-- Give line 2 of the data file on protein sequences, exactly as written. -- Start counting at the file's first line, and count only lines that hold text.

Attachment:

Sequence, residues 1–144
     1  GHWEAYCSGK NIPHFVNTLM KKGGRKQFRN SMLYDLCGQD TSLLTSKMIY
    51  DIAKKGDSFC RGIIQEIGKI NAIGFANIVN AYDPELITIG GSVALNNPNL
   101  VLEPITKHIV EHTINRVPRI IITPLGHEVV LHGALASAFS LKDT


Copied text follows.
     1  GHWEAYCSGK NIPHFVNTLM KKGGRKQFRN SMLYDLCGQD TSLLTSKMIY